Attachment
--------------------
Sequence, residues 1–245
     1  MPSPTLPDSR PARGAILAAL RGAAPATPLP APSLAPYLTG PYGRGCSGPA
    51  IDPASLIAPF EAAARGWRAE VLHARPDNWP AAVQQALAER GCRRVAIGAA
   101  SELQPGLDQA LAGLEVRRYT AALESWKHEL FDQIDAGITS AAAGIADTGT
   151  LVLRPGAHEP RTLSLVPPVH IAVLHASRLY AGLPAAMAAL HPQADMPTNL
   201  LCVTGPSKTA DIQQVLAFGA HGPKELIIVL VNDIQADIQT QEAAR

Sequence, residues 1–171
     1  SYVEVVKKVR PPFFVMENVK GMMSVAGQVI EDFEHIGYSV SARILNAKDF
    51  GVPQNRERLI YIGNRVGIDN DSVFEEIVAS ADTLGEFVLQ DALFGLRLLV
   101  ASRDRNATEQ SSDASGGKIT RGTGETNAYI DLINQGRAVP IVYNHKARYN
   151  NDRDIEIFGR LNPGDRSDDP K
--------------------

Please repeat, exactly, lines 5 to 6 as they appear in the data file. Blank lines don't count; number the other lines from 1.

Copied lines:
   151  LVLRPGAHEP RTLSLVPPVH IAVLHASRLY AGLPAAMAAL HPQADMPTNL
   201  LCVTGPSKTA DIQQVLAFGA HGPKELIIVL VNDIQADIQT QEAAR